Community leader Ruweida Mills says that the Riverlea community hasn’t been given any information on lead poisoning other than that they shouldn’t eat vegetables grown in the area. (Oupa Nkosi, M&G)

The people who can't eat their own veggies

Sipho Kings
Riverlea, in southwestern Johannesburg probably requires a major intervention to reduce the level of lead exposure.

Riverlea sits in a valley between a river and train tracks in southwestern Johannesburg. Mine dumps block out the horizon and it feels claustrophobic. Soccer City is 3km away and its shiny façade is in sharp contrast to the sewage water running down the muddy streets of the 50-year-old mainly coloured community.

Dr Angela Mathee from the Medical Research Council's environmental health research unit has done work in the community and said lead poisoning is a serious problem. "You really see it in the vegetable gardens there, where there are elevated levels of lead in the soil." These then go into the food chain. And because of large-scale unemployment, vegetable gardens are often the only source of healthy food, she said.

Locals said the lead comes from the mine tailings dumps that surround the community.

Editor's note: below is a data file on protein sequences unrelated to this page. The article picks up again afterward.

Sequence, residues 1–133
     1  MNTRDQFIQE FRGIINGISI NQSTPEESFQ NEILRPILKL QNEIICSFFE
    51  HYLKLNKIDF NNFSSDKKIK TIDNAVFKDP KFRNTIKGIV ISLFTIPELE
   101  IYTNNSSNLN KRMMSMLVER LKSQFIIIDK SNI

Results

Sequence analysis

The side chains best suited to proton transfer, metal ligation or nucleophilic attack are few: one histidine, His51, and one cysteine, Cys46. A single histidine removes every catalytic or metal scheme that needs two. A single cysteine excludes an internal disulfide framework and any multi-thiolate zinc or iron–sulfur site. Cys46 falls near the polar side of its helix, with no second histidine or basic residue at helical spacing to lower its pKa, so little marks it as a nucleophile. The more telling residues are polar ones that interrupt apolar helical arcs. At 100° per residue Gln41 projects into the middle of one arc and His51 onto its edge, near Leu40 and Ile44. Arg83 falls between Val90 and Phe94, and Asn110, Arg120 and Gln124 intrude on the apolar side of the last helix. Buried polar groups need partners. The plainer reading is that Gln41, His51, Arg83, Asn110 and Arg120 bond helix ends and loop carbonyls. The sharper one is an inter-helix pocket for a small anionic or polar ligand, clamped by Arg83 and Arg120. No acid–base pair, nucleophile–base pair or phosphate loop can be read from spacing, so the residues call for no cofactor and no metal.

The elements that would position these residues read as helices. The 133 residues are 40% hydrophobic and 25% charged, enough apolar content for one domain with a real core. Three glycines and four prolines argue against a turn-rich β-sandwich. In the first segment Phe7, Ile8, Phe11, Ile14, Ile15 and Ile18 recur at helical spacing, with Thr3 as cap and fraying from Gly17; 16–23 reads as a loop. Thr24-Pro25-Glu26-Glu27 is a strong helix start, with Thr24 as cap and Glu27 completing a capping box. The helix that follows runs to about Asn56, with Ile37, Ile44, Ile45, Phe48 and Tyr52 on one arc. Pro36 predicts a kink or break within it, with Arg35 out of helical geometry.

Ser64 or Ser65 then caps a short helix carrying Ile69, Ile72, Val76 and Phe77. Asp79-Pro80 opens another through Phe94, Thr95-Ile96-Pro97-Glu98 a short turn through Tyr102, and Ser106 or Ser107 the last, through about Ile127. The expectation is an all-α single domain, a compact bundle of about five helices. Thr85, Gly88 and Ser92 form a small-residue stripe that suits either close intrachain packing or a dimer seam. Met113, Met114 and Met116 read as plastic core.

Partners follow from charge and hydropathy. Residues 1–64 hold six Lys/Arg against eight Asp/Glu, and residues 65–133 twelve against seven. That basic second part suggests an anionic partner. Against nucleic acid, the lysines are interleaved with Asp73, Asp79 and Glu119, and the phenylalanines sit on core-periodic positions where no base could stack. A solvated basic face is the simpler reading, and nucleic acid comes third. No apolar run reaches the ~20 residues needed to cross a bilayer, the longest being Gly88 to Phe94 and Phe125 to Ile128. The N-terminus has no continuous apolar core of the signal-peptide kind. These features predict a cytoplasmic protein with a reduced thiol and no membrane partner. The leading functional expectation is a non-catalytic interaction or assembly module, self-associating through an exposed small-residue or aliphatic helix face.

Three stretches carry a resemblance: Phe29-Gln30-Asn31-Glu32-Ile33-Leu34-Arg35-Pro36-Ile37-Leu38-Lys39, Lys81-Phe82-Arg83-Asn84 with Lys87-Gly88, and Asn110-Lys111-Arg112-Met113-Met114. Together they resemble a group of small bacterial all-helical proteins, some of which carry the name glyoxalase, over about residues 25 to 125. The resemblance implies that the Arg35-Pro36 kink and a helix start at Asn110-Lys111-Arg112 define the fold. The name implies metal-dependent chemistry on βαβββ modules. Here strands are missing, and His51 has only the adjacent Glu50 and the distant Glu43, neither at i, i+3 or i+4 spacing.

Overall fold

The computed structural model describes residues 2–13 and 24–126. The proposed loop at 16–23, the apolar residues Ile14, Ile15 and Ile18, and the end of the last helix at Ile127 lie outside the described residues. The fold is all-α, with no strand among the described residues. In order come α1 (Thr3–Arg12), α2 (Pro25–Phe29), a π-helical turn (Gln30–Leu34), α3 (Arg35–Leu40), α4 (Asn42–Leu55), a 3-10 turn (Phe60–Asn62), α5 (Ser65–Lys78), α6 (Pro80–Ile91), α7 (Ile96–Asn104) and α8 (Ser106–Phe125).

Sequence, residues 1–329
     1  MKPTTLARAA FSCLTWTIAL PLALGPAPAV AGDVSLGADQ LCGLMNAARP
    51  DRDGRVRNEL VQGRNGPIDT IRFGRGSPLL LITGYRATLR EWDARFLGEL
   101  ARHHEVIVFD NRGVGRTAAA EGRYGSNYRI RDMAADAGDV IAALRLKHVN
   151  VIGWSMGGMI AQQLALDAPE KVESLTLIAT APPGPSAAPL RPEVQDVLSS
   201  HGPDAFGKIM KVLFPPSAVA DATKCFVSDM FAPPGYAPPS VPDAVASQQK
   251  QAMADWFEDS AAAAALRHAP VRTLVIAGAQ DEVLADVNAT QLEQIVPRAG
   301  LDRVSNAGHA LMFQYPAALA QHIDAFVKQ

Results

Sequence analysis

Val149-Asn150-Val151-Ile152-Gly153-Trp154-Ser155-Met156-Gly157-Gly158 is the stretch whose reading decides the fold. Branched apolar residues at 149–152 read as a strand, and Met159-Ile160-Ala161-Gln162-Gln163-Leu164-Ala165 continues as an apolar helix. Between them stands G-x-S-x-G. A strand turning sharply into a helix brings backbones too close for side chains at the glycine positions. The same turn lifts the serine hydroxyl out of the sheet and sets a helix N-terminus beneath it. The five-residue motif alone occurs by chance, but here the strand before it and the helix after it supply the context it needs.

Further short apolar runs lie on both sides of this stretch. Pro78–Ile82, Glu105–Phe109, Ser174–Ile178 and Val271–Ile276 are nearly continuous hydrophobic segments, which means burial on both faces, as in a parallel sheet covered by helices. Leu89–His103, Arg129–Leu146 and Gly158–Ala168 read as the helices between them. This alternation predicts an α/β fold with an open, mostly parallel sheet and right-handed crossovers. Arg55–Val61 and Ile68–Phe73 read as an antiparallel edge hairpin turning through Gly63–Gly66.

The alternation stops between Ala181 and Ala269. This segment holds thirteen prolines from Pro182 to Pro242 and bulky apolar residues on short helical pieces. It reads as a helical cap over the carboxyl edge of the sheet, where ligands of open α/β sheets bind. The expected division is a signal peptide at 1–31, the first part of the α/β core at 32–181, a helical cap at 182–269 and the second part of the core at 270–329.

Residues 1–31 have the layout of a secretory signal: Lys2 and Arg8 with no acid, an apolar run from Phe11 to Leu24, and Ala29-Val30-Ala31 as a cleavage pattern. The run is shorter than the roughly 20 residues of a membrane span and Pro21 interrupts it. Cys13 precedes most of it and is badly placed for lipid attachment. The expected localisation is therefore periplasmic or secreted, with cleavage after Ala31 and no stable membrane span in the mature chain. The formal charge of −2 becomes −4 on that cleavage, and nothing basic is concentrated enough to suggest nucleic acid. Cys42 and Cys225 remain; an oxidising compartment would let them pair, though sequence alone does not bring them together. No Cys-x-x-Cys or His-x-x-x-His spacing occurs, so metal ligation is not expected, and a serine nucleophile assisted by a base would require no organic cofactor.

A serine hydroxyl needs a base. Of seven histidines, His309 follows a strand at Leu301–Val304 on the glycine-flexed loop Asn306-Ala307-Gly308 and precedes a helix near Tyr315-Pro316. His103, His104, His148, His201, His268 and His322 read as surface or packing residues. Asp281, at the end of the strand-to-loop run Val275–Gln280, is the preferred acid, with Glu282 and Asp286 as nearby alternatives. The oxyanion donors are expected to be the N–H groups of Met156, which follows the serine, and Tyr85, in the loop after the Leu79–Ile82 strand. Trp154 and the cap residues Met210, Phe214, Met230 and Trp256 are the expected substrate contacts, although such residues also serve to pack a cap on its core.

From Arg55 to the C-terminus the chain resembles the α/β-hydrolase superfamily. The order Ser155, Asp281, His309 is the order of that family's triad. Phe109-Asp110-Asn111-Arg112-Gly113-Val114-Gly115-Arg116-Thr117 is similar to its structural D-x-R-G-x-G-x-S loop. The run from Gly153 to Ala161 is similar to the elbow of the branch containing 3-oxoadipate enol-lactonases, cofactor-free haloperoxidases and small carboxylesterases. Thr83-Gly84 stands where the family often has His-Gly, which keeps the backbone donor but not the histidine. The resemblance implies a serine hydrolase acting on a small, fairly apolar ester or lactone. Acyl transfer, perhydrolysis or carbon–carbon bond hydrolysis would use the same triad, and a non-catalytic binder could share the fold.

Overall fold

Mathee's work focused on school children who were not performing well and had high levels of lead in their blood. She tried to isolate what the causes could be. In one case she found a father who was using a soldering iron to fix radios and televisions in his one-roomed house. His children were sleeping on the floor. During her conversation with him, he said: "Please, please don't tell me what I do for a living is harming my children."

But the community have little knowledge of the problems that come with lead poisoning.

Universal testing
Their biggest concerns are more apparent ailments, such as asthma and tuberculosis.

Ruweida Mills, a community leader, said they had been told not to eat locally grown vegetables because they were not healthy, but she didn't know anything else.

Granwell Njars has a small vegetable patch, but he was not using the vegetables because he had been told the soil made them unhealthy. "And when the plants do grow they either have no fruit, or look bad," he said.

Riverlea probably requires a major intervention to reduce the level of lead exposure. But the scope of the problem and the amount of money it would take to improve conditions are not known, because much-needed data does not exist. The answer, Mathee said, is universal testing.

"What I would like to see is that, just as every child is vaccinated, every child is given at least one blood-lead test by the time they go to school."

South Africa may need a comprehensive strategy on lead, Mathee said, but that is "pie in the sky" stuff.

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